First report of Pyricularia oryzae causing blast on Sorghum halepense (Johnson grass) in Iran

Pordel Adel, Tharreau Didier, Ghorbani Golzar, Javan-Nikkhah Mohammad. 2020. First report of Pyricularia oryzae causing blast on Sorghum halepense (Johnson grass) in Iran. Plant Disease, 104 (11) : p. 3061.

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Abstract : Johnson grass or Johnsongrass (Sorghum halepense) is a grass in the Poaceae. It is a common weed in tropical and temperate climates throughout the world, and is considered as one of the world's 10 worst weeds (Anderson, 1969). Pyricularia oryzae is a major pathogen of important food crops such as wheat, rice millets, and of weed plants (Pordel et al., 2018). In October 2017, during blast disease survey of cereal fields in Guilan province of Iran, twenty samples of Johnson grass plants that showed typical symptoms of blast on the leaves and seeds were collected from several rice fields in which blast was observed. Leaves were surface sterilized for 2 min in 1% sodium hypochlorite, dried on filter paper, and then incubated on wet filter paper at 25 °C. Conidia produced on these surface-sterilized leaf pieces were transferred to water agar (WA). Single hyphal tips emerging from germinating conidia were then transferred to potato dextrose agar medium (PDA, Merck Co.) (Pordel et al. 2015). Mycelia of the isolates on PDA was smooth, hyaline, branched, with septate hyphae that were 2–3 µm in diameter. Conidiophores were solitary, erect, straight, or curved, septate, pale brown, and measured 82-235 µm × 3-4 µm. Conidiogenous cells were sympodial, denticulate. Conidia were pale brown, pyriform, 2-septate, 19-27 (-30) × 7-9 µm. Based on morphological characteristics, the isolates were identified as Pyricularia oryzae (Ellis 1971; Klaubauf et al. 2014; Pordel et al. 2015). To confirm identification, we sequenced the Internal Transcribed Spacer (ITS) region of the rDNA for one isolate (named strain 58-1) using primers ITS4 and ITS5 (White et al. 1990). The sequence was deposited in GenBank under accession number MT229206. The ITS sequence of the isolate showed 100% identity (473/473 base pairs) with P. oryzae CBS 433.70 (MH859782) isolated from rice by BLASTn tool and, thus, the strain was identified as P. oryzae. For confirming Koch's postulate, Johnson grass leaves were inoculated using methods described by Silue et al. (1992) with spore suspension of 58-1. Briefly, seeds of the Johnson grass were planted in 10-cm-diameter plastic pots that were kept in the greenhouse for two weeks. P. oryzae 58-1 was cultured on water agar onto which sterile rice leaves were placed for 21 days at 25°C under a 12 h dark /12 h fluorescent light regime (Pordel et al. 2018). Conidia of 58-1 were scraped and washed off the rice leaves with 3–5 ml of sterile distilled water. A 10 ml of conidia suspension, adjusted to 2 ×105 spores per 10ml with 0.5% gelatin, was sprayed on Johnson grass seedlings (Silue et al., 1992). Plants inoculated with a solution of 0.5% gelatin were used as a control. After five days, typical blast type lesions with pale centers were visible on leaves of all inoculated plants. No symptoms were observed on the control plants. The fungus was re-isolated from leaf lesions of inoculated plants and morphologically identified. To our knowledge, this is the first report of blast disease on Johnson grass in Iran. Johnson grass is thus an alternative host of the pathogen and therefore could be considered as a source of inoculum for cereal crops. Consequently, weed management could be effective way to reduce the disease by eliminating inoculum sources of P. oryzae.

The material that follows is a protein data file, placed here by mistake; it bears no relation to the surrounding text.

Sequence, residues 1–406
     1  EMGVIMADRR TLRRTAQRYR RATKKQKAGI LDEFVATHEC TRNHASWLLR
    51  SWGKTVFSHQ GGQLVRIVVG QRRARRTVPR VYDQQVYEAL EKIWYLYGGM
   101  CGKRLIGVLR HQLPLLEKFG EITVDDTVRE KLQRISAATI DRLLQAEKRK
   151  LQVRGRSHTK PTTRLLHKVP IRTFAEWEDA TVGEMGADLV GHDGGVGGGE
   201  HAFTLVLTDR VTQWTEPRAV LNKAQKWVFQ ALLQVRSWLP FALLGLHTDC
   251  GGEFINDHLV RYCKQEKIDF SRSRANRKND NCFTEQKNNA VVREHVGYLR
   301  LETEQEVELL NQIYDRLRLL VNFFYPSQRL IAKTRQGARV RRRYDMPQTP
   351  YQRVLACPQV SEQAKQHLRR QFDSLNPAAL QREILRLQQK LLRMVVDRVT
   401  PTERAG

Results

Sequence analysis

Mots-clés Agrovoc : Pyricularia oryzae, Sorghum halepense, blasts (of plants) [EN], Champignon pathogène, Surveillance des cultures

Mots-clés géographiques Agrovoc : Iran République islamique

Mots-clés libres : Pathogen detection, New host, Fungi

Classification Agris : H20 - Plant diseases
H60 - Weeds and weed control

Champ stratégique Cirad : CTS 4 (2019-) - Santé des plantes, des animaux et des écosystèmes

Auteurs et affiliations

  • Pordel Adel, Baluchestan Agricultural and Natural Resources Research and Education Center (IRN) - auteur correspondant
  • Tharreau Didier, CIRAD-BIOS-UMR BGPI (FRA) ORCID: 0000-0003-3961-6120
  • Ghorbani Golzar, University of Tehran (IRN)
  • Javan-Nikkhah Mohammad, Université de Téhéran (IRN)

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